Five Reasons Your Dog Is Peeing In the House

Most people housebreak their pets when they are puppies.  If they get an older rescue dog, they housebreak them when the dog comes to live with them.  However, occasionally a housebroken dog pees in the house.  Here are five behavioral and medical reasons this may be happening and what to do about them.

  1. Over excitement.  These dogs are wiggling, moving around and happy.  They get so excited they spray urine everywhere.  The way to treat this is to lower the excitement of things a notch.  Don’t let your kids get the dog wound up so much, and crate the dog when you cannot supervise him.  When you get home, leave the dog crated for ten minutes or so until he calms down, then let him out.
  2. Submissive urination.  This one is harder to deal with than almost any other reason for peeing in the house.  It usually occurs when someone leans over the dog, grabs him, or scolds him.  The dog may appear happy and then get scared and urinate.  Try to approach the dog from a lower profile.  Do not loom over the dog or severely scold him.  Yelling at a dog for submissively urinating will cause the dog to start urinating again and is counterproductive.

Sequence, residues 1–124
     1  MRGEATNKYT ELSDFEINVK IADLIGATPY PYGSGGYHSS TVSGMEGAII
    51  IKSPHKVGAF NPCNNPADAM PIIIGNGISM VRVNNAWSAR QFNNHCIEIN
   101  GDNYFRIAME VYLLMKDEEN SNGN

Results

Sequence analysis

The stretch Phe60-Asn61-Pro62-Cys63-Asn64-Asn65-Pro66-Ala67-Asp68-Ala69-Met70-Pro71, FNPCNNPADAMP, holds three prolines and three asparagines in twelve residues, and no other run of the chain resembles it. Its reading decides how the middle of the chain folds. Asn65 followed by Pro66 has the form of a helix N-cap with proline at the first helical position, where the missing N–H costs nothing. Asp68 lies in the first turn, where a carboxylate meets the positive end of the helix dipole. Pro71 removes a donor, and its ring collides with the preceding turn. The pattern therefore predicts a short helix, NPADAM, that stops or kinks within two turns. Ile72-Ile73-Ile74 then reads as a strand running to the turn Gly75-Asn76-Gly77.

3. Improper house breaking.  This happens a lot with small dogs, who are hard to catch in the act because it happens so fast.  The best approach to this problem is to crate the dog when you cannot supervise him and take him outside frequently for him to do his business.  Praise the dog ecstatically when he does urinate outside and give him a treat.  Basically, you are starting housebreaking over and trying to teach the dog that outside is the only appropriate place to urinate.
  4. Marking in the house.  This usually occurs as a result of puberty in an unneutered dog or as the result of stress in a previously housebroken dog.  If your dog has hit puberty and is still not neutered, you should neuter him.  If the dog has previously been housebroken and suddenly starts marking, you should find the source of stress that is causing this behavior and eliminate it.
  5. Medical disorders.  The first thing you should do when a previously housebroken dog pees in the house is take them to the veterinarian for a check-up.  Things like urinary infections may cause them to not be able to hold their urine and they pee wherever they are standing when the urge hits.  This is not the dog’s fault and he should not be punished for it.  Also, dementia sometimes causes senior dogs to forget their house manners.  They may be confused and think they are outside when they go.  There is medicine to help doggy dementia and slow its effects.  Your veterinarian can discuss it with you.

Dogs pee in the house for various reasons.  These five are the most common ones.